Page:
The Eco News Roundup brings stories and commentary about issues related to climate change, renewable energy and the environment.
A new study examining wildfires in California found that human activity explains as much about their frequency and location as climate influences. The researchers systematically looked at human behaviors and climate change together, which is unique and rarely attempted on an area of land this large. The findings suggest many models of wildfire predictions do not accurately account for human factors and may therefore be misleading when identifying the main causes or drivers of wildfires. The newest model proportionately accounts for climate change and human behavioral threats and allows experts to more accurately predict how much land is at risk of burning in California through 2050, which is estimated at more than 7 million acres in the next 25 years.
Nearly all of Austria’s 900 glaciers retreated last year amid record-setting heat, according to Austrian scientists. The rapid melting mirrors a trend across the Alps and underscores scientists’ warnings of accelerating, extreme climate impacts caused by human-caused greenhouse gas emissions.
Across the country, the glaciers retreated an average of 72 feet in 2015, more than twice the rate of the previous year, the Austrian Alpine Association said in its annual glacier survey. Three of the country’s glaciers retreated by more than 320 feet. The nonprofit association—which promotes mountain culture, research and conservation— has been conducting detailed glacier measurements since 1927, creating a dramatic record of climate change effects in the alpine region.
A new study shows high salt levels, metals and even radioactive material have lingered for months and even years in the water and soil near four oil-and-gas wastewater spills in North Dakota. The researchers from Duke University also believe the lasting threat of such spills could be pervasive across the Bakken Formation, one of the nation’s most active oil fields.
The results “indicate that the water contamination from brine spills is remarkably persistent in the environment,” Duke scientists wrote in their study published Wednesday in the journal Environmental Science & Technology. The contamination included high levels of selenium, known to be toxic to fish and wildlife, and radioactive radium.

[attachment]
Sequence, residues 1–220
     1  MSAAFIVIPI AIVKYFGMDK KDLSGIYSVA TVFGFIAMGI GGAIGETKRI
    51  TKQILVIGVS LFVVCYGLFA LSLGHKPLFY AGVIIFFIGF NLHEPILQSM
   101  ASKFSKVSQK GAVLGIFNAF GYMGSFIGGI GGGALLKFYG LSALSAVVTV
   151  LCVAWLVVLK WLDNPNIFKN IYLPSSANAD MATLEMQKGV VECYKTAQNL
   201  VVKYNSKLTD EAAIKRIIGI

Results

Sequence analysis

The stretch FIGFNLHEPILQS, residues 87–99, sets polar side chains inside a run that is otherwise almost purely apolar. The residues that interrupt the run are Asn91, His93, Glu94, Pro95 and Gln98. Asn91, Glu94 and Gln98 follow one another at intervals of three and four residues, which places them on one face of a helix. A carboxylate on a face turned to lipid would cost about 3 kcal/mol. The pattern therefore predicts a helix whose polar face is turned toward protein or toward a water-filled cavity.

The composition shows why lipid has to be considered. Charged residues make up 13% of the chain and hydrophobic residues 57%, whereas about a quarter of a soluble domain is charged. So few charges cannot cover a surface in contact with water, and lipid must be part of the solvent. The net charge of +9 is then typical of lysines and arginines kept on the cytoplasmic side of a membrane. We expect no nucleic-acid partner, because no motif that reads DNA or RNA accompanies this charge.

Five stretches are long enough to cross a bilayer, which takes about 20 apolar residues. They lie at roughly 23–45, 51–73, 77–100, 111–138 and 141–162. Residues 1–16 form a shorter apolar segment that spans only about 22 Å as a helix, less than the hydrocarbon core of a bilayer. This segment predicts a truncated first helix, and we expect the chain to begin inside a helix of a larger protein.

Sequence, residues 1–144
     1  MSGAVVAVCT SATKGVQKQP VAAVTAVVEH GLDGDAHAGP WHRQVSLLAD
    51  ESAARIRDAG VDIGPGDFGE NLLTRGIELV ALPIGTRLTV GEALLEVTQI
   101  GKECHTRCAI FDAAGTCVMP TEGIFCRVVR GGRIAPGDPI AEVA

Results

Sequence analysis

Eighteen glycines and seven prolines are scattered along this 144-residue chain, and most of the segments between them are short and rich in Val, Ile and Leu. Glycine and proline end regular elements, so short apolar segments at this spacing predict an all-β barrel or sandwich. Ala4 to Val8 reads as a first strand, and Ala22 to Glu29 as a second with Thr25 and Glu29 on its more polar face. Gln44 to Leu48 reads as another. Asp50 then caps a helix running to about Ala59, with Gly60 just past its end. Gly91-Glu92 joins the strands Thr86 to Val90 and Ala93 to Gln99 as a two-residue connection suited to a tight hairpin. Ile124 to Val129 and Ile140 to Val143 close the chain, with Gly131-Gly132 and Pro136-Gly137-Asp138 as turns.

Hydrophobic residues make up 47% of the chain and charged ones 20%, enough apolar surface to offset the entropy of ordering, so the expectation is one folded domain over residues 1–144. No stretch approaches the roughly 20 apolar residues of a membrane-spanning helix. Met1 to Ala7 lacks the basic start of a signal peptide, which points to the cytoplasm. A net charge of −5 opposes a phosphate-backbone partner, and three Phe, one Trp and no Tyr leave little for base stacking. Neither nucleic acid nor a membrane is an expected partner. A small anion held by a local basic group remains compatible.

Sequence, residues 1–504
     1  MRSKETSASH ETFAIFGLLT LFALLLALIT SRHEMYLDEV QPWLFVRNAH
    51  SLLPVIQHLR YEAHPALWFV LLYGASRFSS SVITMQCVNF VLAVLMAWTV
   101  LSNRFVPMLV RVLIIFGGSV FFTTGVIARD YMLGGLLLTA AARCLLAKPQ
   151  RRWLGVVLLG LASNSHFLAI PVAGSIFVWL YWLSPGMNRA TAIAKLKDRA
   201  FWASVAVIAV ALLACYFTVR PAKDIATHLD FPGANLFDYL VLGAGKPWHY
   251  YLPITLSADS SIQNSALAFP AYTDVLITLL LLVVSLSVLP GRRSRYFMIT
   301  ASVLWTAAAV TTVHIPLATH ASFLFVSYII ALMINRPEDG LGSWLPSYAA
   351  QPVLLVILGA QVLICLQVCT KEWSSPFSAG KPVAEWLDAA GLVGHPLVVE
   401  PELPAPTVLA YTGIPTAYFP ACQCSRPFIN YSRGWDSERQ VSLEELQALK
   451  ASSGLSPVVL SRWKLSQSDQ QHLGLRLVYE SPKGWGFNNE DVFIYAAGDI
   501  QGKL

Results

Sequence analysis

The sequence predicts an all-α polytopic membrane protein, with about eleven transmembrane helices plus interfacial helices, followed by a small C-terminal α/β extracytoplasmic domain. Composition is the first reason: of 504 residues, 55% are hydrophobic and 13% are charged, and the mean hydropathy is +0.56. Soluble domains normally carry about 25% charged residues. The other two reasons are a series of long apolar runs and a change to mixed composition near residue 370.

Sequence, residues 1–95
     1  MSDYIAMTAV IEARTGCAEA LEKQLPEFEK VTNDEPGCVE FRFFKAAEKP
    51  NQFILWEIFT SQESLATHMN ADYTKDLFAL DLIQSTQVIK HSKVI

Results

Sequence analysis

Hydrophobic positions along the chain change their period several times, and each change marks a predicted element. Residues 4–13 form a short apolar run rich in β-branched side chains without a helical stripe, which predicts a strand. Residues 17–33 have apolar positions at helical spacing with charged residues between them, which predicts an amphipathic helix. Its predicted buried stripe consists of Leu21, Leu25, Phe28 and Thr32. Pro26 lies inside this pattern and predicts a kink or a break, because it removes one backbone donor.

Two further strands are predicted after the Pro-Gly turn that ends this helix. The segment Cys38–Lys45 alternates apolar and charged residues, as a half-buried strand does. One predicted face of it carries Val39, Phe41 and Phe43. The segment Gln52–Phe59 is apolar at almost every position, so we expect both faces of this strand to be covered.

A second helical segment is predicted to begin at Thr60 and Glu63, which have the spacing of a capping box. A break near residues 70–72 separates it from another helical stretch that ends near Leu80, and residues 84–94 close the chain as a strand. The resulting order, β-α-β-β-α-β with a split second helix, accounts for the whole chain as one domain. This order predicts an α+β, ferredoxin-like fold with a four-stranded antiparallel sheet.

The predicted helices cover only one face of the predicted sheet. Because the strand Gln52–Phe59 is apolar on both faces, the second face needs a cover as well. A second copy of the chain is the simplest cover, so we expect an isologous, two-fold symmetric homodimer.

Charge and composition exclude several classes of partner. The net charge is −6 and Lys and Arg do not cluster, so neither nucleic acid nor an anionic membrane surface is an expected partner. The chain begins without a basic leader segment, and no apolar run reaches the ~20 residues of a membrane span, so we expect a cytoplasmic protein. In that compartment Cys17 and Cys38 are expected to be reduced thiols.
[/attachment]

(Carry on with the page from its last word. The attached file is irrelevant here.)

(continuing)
A single U.S. shale oil field is responsible for much of the past decade’s increase in global atmospheric levels of ethane, a gas that can damage air quality and impact climate, according to new study led by the University of Michigan. The researchers found that the Bakken Formation, an oil and gas field in North Dakota and Montana, is emitting roughly 2 percent of the globe’s ethane. That’s about 250,000 tons per year.
“Two percent might not sound like a lot, but the emissions we observed in this single region are 10 to 100 times larger than reported in inventories. They directly impact air quality across North America. And they’re sufficient to explain much of the global shift in ethane concentrations,” said Eric Kort, U-M assistant professor of climate and space sciences and engineering, and first author of the study published in Geophysical Research Letters.
Climate change has caused a drop in the amount of oxygen dissolved in the oceans in some parts of the world, and those effects should become evident across large parts of the ocean between 2030 and 2040, according to a new study led by researchers at the National Center for Atmospheric Research (NCAR) in Boulder, Colorado. Scientists expected a warming climate to sap oceans of oxygen, leaving fish, crabs, squid, sea stars, and other marine life struggling to breathe. But they had encountered difficulties in determining whether this anticipated oxygen drain was already having a noticeable effect.
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